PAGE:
Patients have been warned not to attend “non-urgent” dental appointments until the full risk factor of COVID-19 is better understood, the World Health Organization (WHO) has said.
Dental practices have been gradually opening their doors to patients after an almost complete shutdown earlier this year, albeit with extensive personal protective equipment (PPE) measures in place.
Dental and other healthcare specialists have said that an ongoing lockdown of dental services could have a devastating impact on the health of some patients.
Oral health is linked not just to dental health but to broader health problems too.
But WHO dental officer Benoit Varenne said that that risk of infection is still too poorly understood to say that attending dental appointments, especially for non-urgent reasons like check-ups, scaling or polishing, should be recommended.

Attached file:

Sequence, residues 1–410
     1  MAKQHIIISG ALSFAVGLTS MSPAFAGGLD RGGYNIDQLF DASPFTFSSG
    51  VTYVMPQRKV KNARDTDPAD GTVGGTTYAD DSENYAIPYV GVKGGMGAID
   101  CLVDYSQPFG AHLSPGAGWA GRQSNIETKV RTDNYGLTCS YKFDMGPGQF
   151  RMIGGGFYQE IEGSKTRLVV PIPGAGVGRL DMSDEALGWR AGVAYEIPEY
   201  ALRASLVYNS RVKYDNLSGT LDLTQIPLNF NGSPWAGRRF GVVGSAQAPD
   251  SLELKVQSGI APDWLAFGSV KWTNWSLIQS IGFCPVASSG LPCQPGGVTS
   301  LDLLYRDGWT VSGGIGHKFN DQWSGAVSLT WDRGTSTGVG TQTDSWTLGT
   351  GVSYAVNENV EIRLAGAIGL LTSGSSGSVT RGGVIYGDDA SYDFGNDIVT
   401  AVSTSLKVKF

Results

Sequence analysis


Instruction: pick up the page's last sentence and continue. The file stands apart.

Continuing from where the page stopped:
Ultrasonic cleaning, air and water sprays and polishing could all send coronaviruses airborne out of a patient’s mouth, Varenne said.
He added: “The likelihood of COVID-19 being transmitted through aerosol, micro-particles or airborne particles […] today I think is unknown, it’s open to question at least. This means that more research is needed.”
Varenne said that “the most pressing issue” is related to the availability of essential PPE for all healthcare personnel undertaking or assisting in the clinical procedures.
But his comments, reported by the Daily Mail, that patients should avoid non-urgent appointments due to unspecified potential “airborne risks” has split opinion.
As in other areas of healthcare – notably cardiac and cancer care – delays to diagnosis and treatment could be causing more problems in the long run than the pandemic in itself ever will.